It is my understanding that the Pasthun are the largest group in Afghanistan (42% according to Wiki). In any case, I am not interested in dialogue with Afghans. They hate Pakistan for some legitimate reasons. But they are also really ungrateful. We (Pakistan) were the country that took in the most Afghan refugees. I think Iran confined them to refugee camps. But they are running all around Pakistan, many of them with fake Pakistani identity papers. In my opinion, Pakistan should fence the entire border (whether the Afghans refuse to recognize the “Durand Line”, Pakistani land is Pakistani land) and just wash our hands of the mess next door. If the Afghans want to be close to India, let them. Let’s see how that goes for them. In any case, I don’t speak Pashto or Dari. I am Kashmiri-Punjabi. I would probably do better at dialogue with Indians, with whom I share some culture. I share no culture with Afghans. Perhaps their Pashtun brothers from KPK should talk to them.

            I’ll let you believe what you want about Neoliberalism. I am on the side of Bernie’s people on that. I don’t think either of us are going to change our opinion.

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          2. There was data that whites as a whole largely voted for Trump including college-educated whites. Coates has written about this. Racism is actually a thing.

            There is discussion in the Democratic party right now about whether the party should try to win back “working class” whites or just give up on them all together and try to win with a coalition of people of color and LGBTQ plus the “coastal elites”. Let’s see how the Midterms go later this year.

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  11. girmit, I find your comment about Kerala interesting. To your list of places in South Asia which have solved the first order challenges of human dignity, I would add Himachal and slightly behind, Uttarakhand.

    One aspect that separates HP and UT from the rest of North India is the structure of caste system. These regions are not ones in which one has an upper caste Hindu population of about 20%, dominant former peasant castes of around 40%, with another 20-25% artisan castes, and 20-15% Dalits. Instead, the pattern one sees is more like 60% upper caste (mostly Brahmin and Kshatriya) and 40% artisans + Dalits. There are hardly any middle peasantry castes there.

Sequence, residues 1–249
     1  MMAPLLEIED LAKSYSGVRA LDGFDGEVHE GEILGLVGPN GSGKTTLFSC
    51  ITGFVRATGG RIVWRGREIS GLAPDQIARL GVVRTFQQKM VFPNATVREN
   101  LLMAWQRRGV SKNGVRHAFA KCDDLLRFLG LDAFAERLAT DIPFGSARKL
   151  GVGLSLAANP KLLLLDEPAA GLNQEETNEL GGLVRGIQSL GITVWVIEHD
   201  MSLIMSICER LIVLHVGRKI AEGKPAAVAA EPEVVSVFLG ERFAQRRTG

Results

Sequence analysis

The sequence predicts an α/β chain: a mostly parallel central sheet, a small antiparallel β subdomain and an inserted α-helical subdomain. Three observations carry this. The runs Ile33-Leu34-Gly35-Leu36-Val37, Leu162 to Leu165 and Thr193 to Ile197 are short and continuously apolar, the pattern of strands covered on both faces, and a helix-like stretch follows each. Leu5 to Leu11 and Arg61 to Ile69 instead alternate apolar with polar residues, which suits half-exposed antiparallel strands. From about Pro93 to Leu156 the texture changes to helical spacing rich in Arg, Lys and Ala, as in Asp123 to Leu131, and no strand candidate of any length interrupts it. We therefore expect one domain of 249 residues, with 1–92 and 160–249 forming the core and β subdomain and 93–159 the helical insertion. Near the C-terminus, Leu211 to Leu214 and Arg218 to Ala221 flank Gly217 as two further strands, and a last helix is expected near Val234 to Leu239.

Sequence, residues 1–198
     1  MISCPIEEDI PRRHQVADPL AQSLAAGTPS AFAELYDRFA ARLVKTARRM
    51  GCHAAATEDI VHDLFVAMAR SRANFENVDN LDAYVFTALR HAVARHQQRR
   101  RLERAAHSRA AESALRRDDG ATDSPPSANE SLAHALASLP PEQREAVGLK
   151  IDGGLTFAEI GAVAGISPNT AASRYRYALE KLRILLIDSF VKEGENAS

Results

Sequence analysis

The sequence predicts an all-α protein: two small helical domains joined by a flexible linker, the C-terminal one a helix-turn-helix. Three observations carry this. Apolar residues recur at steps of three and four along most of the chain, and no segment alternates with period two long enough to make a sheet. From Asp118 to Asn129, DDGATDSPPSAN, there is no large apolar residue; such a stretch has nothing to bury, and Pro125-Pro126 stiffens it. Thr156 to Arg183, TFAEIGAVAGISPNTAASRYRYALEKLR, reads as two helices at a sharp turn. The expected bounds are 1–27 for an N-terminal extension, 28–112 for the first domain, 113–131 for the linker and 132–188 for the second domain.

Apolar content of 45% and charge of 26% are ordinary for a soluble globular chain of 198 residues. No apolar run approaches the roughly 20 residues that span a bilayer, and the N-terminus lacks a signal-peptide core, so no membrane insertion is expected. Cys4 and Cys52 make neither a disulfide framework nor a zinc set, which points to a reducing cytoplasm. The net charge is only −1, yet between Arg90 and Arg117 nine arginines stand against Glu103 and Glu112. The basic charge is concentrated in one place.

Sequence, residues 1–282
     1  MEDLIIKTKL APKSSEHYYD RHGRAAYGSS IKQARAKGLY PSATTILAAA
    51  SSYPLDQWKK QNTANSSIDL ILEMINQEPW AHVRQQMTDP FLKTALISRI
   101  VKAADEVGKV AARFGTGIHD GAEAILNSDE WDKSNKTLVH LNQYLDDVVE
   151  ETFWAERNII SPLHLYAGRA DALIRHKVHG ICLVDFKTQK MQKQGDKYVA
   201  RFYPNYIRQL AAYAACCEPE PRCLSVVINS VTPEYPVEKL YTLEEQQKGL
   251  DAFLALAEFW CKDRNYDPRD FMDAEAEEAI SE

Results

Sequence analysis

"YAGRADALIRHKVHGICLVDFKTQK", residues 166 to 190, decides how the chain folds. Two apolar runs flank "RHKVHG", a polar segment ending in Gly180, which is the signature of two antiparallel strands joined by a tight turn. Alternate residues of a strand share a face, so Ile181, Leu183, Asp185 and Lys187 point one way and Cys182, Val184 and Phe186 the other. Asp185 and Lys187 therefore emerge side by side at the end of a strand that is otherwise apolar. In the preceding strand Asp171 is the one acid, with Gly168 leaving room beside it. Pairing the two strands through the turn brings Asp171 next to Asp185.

Is Kerala lacking a similarly politicized middle peasantry like Jats/Yadavs/Patels/Marathas ? The closest approximation I can find are the Ezhavas. But is it possible that the peculiar trajectory of politics (Communist inspired) and mobility in Kerala (migration to Gulf) deemphasized the formation of caste parties by such a group to take control of the administration ?

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    1. Vikram, HP and UK are definitely quite different from the plains. You could also include Kashmir with them in a way. There’s a similar socioecology i suppose, maybe its step paddy cultivation combined with a unique horticultural niche that makes them naturally advantageous trading partners with the plains. Can’t grow apples and pine nuts in Agra can they? Although the lack of a vast middle peasantry is probably also what prevented them from becoming a great centre of military power.
      In the case of Kerala, I’d also note that the sort of prosperity they have is a feature of the western littoral all the way up through the Konkan. So while I’m not exactly a strident critic of socialism in all its manifestations, I wouldn’t credit Kerala exceptionalism to post-independence socialist policies alone. Dakshin Kannada district, Goa, and Sindhudurg-Ratnagiri are control groups of a kind, and they have many of the same admirable indicators. Kerala did have remarkably pernicious caste discrimination a century ago, but between the Narayan Guru type of social reform movements and leftist egalitarianism, the masses have essentially assimilated the elite.